State-of-the-art deep learning has a carbon emission problem. Can neuromorphic engineering help?

  • Evangelos Stromatias
Keywords: Deep learning, machine learning, artificial intelligence, carbon emissions, neuromorphic engineering, low-power, low-latency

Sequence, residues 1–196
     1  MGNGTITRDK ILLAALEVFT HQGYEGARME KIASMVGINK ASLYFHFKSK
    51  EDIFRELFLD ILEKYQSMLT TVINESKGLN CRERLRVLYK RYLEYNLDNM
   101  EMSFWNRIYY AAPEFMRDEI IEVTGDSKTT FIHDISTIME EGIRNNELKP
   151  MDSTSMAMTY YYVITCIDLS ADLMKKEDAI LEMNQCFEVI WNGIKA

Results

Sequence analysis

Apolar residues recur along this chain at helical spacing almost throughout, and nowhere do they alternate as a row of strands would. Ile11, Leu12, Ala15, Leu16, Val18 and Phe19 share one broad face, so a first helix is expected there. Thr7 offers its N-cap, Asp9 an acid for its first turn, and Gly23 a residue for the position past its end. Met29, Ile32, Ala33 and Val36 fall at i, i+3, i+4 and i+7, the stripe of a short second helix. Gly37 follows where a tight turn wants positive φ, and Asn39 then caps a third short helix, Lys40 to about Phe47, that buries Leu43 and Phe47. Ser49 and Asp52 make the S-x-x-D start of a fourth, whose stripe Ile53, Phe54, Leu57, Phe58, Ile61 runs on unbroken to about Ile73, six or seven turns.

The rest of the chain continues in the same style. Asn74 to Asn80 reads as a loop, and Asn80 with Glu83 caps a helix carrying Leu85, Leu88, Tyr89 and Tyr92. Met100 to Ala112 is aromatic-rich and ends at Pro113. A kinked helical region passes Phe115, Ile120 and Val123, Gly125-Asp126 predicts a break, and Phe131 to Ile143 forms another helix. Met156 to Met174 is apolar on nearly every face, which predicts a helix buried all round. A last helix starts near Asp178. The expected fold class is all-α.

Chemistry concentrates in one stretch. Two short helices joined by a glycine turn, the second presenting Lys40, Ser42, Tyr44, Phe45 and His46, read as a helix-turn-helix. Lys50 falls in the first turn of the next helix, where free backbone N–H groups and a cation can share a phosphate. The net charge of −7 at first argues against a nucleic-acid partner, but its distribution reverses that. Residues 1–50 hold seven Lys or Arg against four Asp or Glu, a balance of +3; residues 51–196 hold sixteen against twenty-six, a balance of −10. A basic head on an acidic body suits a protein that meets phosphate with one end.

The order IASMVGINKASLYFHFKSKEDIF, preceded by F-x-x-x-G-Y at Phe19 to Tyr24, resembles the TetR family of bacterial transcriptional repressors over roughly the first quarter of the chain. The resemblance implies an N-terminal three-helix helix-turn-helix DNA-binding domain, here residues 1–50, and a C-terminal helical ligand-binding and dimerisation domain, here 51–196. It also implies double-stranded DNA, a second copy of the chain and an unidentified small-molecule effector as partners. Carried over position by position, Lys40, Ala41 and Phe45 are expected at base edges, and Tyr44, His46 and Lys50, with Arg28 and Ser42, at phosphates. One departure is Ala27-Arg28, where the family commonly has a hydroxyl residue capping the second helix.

Deep learning has attracted a lot of attention from both academic, as well as, industrial parties mainly due to its success when working large datasets and its ability to improve performance by scaling up the size of the models. However, the current trends of training state-of-the-art deep learning models are worrisome. Recent data show that training cutting-edge models is vastly energy inefficient and pose a threat to the democratisation of this technology: the resources required to train a model might be accessible only by a few large corporations in the near future. Moreover, executing trained state-of-the-art deep learning models on mobile devices with limited resources is currently not possible due to the large amounts of computations, memory and energy requirements these models need. Neuromorphic engineering is a relatively recent interdisciplinary research field that attempts to simulate neurons and synapses directly on hardware and at a level that is closer to biology. The advantage of this approach is that because neurons are simulated in an asynchronous manner the overall energy consumption is very low since neurons that do not participate in the computations consume nearly zero energy. While a method to train neural networks directly on neuromorphic devices has yet to be discovered it has already been demonstrated that executing trained neural networks on neuromorphic platforms comes with large energy savings and lower prediction latencies.

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